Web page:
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This book reveals all that can potentially happen when a private company takes over a local water supply system, both the good and the bad. Backed by real life stories of water privatization in action, author Manuel Schiffler presents a nuanced picture free of spin or fear mongering.
Inside, readers will find a detailed analysis of the multiple forms of water privatization, from the outright sale of companies to various forms of public-private partnerships. After covering their respective strengths and weaknesses, it then compares them to purely publicly managed water utilities.
The book
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Produktbeschreibung
This book reveals all that can potentially happen when a private company takes over a local water supply system, both the good and the bad. Backed by real life stories of water privatization in action, author Manuel Schiffler presents a nuanced picture free of spin or fear mongering.

Inside, readers will find a detailed analysis of the multiple forms of water privatization, from the outright sale of companies to various forms of public-private partnerships. After covering their respective strengths and weaknesses, it then compares them to purely publicly managed water utilities.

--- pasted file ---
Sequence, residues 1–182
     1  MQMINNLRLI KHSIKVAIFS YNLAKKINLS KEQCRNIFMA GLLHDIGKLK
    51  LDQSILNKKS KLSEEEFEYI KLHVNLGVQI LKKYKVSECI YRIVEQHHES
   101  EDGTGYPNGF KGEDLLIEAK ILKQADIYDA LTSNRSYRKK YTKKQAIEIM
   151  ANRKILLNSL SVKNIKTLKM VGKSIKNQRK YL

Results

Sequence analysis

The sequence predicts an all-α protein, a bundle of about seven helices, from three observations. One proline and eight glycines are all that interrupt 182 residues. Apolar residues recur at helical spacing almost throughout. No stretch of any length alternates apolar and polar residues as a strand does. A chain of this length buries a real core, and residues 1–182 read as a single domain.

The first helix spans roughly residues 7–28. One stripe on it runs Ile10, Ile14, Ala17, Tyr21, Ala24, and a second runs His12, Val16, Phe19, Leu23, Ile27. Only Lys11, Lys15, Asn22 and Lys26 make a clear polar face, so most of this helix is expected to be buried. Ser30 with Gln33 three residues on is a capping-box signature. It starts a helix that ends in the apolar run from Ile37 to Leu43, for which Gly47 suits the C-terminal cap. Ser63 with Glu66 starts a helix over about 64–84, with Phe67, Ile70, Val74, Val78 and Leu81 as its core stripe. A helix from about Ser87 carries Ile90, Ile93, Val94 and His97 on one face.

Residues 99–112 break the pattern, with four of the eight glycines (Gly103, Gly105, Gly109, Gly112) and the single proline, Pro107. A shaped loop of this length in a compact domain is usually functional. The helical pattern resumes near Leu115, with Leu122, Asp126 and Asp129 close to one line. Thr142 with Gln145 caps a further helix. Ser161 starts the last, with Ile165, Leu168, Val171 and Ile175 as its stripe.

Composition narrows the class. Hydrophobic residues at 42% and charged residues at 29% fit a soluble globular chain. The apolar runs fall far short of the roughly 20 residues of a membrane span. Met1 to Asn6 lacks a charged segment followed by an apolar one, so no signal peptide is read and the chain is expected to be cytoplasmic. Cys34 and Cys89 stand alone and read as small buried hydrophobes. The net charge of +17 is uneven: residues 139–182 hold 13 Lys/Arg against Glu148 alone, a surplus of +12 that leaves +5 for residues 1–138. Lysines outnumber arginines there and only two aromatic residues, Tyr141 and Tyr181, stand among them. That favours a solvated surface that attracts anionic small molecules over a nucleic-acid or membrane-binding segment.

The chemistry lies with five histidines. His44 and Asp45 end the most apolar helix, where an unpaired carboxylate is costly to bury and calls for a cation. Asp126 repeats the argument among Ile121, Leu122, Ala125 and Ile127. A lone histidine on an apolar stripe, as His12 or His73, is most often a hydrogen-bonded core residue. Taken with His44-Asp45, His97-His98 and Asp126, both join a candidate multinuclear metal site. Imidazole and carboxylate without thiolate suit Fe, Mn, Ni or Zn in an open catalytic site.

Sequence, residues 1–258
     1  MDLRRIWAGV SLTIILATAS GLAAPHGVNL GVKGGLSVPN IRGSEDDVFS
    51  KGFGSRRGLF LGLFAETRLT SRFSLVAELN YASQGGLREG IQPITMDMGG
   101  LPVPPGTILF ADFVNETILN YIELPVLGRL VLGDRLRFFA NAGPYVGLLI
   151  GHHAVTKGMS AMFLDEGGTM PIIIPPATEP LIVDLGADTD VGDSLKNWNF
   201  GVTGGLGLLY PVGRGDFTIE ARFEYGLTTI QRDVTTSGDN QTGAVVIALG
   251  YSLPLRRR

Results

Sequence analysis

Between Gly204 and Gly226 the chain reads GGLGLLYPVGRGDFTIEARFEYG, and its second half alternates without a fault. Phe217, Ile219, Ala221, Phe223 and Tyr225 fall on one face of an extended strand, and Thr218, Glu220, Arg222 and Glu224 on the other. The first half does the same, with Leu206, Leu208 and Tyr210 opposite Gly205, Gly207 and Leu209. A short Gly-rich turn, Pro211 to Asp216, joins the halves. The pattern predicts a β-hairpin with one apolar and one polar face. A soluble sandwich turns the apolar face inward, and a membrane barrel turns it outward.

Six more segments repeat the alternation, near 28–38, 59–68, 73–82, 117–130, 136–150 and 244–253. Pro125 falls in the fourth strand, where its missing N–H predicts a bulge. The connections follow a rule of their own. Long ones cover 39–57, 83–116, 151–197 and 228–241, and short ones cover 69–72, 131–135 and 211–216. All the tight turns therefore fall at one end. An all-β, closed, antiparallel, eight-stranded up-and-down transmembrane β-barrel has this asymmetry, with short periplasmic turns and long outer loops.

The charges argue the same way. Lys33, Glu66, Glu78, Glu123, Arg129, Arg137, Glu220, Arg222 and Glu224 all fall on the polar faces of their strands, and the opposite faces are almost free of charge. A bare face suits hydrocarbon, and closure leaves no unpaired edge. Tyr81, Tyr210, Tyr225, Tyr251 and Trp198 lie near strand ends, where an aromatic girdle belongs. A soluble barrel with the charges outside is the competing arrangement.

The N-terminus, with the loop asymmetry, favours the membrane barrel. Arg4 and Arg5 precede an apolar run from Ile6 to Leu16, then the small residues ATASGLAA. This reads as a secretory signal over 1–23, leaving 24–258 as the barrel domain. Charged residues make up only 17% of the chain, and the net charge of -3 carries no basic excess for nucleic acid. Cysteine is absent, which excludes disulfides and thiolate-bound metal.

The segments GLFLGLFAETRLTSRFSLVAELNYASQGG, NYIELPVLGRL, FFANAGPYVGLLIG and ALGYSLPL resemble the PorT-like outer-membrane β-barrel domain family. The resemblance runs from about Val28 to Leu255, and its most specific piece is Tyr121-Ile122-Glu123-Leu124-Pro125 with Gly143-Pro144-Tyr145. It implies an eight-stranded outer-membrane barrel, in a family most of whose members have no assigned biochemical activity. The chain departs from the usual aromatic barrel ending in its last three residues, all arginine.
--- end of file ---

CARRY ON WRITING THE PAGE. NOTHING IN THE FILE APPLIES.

The book examines the privatization and the public management of water and sewer utilities in twelve countries: the United States, the United Kingdom, France, Germany, the Philippines, Cambodia, Egypt, Jordan, Uganda, Bolivia, Argentina and Cuba. Readers will come to understand how and why some utilities failed while others succeeded, including some that substantially increased access, became more efficient and improved service quality even in the poorest countries of the world.

It is natural that a private company taking over a local water supply system causes both fear and worry for consumers. With the aid of solid empirical evidence, this book argues that who manages the system is only half the story. Rather, it is the corporate culture of the utilities and the political culture of where they operate that more often than not determines performance and how well a community is served.

Autorenporträt
Manuel Schiffler has worked for over twenty years on water management and water utilities in more than a dozen countries in the Americas, Europe, Africa, the Middle East and Asia. He worked as a researcher for the German Development Institute and as a project manager at the World Bank. He now supports water projects in developing countries at the German Development Bank KfW. He holds a diploma and a doctoral degree in economics from the Free University in Berlin.